It was a relatively quiet afternoon on 26 August 2013 in Atareb Hospital in Northern Syria. I was sipping sweet Arabic tea on the hospital balcony. And then suddenly in a moment I was thrust into possibly one of the most shocking scenes I have ever witnessed. Far worse than anything I have experienced as a former British Army officer, as an emergency medicine doctor or as a filmmaker working in conflict zones. The sound of an ambulance siren and then the screams first of all from a baby and then young girls - that I still hear as I write this - alerted me that something disastrous had happened. In fact the true horror was worse than what I had first imagined. A thermal bomb had been dropped on a school filled with children. I am not ashamed to say that those memories still invoke tears. But tears won’t help them. Action will.
As the medical team we had nothing but the simplest of painkillers that day for such extreme injuries. Whilst I treated many of the 40 severely burned people, the majority of them under the age of 16, I made two vows. First to tell the world about this incident and that what is left of the healthcare system after the tactical destruction of hospitals, is ill equipped to deal with such devastating injuries. Second, that even though many of the children involved have subsequently died, their painful deaths would not be in vain.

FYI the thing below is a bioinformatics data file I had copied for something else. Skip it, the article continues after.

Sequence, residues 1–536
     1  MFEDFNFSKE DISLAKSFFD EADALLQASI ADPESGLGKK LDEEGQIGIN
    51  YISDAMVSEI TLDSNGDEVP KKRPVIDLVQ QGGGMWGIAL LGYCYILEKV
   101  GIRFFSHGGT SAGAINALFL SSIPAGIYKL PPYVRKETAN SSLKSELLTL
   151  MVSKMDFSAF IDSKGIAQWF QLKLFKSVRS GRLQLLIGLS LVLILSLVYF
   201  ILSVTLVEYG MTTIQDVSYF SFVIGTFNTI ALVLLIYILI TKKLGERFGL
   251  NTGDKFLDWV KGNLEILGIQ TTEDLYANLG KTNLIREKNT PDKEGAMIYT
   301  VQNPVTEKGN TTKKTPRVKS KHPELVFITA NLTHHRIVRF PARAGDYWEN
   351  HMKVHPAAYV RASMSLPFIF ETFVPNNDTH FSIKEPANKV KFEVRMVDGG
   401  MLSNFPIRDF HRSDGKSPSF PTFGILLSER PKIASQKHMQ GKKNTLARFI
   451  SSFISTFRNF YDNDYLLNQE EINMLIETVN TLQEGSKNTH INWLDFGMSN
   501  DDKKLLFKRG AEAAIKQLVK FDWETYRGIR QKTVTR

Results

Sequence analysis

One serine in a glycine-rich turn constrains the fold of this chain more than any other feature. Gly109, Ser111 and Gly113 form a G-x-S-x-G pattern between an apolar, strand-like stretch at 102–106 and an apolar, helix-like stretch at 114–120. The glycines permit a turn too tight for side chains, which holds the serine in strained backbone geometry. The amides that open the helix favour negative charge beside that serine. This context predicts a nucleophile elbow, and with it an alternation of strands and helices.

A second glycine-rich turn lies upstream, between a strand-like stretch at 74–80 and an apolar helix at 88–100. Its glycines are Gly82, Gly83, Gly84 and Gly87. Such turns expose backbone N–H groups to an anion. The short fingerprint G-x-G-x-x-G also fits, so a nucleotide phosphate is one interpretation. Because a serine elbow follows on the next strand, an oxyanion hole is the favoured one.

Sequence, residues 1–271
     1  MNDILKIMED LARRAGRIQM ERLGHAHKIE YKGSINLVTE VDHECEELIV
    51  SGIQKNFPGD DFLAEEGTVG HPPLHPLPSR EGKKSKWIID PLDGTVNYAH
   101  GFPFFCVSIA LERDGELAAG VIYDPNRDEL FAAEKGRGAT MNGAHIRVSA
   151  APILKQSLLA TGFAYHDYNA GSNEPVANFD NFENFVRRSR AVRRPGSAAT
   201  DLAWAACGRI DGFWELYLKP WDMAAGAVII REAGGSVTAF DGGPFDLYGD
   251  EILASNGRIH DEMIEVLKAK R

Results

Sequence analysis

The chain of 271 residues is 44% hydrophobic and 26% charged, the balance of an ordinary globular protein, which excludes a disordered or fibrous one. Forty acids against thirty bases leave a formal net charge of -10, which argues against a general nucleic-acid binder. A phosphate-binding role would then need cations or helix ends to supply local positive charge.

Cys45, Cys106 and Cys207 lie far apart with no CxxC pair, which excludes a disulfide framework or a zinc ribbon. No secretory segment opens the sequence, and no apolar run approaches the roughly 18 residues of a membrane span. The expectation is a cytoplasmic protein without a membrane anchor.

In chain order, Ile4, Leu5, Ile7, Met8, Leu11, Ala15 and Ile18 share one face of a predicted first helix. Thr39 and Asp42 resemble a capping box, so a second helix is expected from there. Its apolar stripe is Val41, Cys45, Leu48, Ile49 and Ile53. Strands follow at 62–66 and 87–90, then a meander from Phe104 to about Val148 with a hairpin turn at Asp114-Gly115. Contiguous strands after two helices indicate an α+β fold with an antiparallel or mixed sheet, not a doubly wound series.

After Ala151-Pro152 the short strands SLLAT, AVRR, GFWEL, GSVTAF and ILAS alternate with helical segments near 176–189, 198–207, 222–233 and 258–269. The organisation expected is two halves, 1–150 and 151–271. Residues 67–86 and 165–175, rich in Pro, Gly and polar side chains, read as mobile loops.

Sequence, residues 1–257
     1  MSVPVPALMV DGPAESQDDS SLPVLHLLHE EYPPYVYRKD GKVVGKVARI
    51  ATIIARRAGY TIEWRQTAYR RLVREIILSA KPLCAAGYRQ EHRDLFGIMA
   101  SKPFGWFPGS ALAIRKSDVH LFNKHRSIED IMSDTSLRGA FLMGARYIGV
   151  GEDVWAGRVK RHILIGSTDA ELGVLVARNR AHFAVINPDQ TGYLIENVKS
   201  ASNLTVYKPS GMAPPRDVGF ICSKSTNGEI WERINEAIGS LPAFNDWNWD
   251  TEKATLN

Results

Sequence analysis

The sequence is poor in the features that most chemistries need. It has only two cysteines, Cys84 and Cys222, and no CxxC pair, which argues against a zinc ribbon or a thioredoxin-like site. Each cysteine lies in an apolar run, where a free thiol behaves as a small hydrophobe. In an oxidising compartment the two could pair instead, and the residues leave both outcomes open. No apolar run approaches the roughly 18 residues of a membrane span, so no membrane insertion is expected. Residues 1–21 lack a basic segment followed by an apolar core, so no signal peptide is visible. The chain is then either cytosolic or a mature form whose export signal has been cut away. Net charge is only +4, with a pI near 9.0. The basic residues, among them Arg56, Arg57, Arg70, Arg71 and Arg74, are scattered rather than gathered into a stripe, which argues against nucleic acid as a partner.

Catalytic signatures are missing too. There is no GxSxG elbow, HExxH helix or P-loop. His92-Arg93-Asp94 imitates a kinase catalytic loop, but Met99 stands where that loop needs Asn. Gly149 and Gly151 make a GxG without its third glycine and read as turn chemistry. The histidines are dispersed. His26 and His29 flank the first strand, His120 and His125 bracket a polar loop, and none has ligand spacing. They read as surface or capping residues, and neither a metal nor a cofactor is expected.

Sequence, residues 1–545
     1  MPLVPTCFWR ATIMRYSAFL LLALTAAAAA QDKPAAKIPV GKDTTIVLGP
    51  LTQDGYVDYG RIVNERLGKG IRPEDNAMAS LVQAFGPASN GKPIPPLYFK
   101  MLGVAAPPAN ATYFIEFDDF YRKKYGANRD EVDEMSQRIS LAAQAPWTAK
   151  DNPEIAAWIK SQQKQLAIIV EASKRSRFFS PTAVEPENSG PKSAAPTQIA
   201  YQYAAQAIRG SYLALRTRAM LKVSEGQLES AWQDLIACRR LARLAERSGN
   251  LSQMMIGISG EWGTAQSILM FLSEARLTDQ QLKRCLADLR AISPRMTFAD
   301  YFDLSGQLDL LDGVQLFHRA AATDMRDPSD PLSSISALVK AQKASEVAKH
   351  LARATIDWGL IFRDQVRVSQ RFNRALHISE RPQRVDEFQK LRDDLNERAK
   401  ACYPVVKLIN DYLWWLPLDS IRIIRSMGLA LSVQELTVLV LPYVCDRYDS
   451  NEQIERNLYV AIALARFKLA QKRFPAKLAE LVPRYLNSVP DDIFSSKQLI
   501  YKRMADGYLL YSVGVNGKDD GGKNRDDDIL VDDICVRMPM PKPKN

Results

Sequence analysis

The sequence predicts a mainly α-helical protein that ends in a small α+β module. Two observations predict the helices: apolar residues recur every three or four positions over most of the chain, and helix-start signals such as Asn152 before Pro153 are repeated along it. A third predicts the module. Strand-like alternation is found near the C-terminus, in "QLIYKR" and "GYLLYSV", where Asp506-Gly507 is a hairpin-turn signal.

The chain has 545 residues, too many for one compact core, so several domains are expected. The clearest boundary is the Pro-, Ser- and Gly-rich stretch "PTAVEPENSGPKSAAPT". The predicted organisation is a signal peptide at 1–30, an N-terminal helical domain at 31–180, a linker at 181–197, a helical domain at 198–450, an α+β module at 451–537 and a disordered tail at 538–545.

As a collective, we from the international community, across sectors of humanitarianism, medicine, media, the arts, commerce and politics, can work together to ensure better care for any child who has suffered burns as a consequence of war. With better medical attention these children have a better chance of survival.
No child should suffer the pain I saw that day. If you were there with me, you would say the same. One of the patients - a young 16 year old girl called Seham said as she lay in her hospital bed ‘This has got to stop, we have had enough’. She died a few weeks later. We might not be able to stop the war or stop the bombs from falling but we can do better for the innocent children caught in the crossfire.
Please support The Phoenix Foundation - an idea forged in a small hospital in Syria whilst caring for children who suffered horrific burns when a thermal bomb was dropped on their school in a war zone.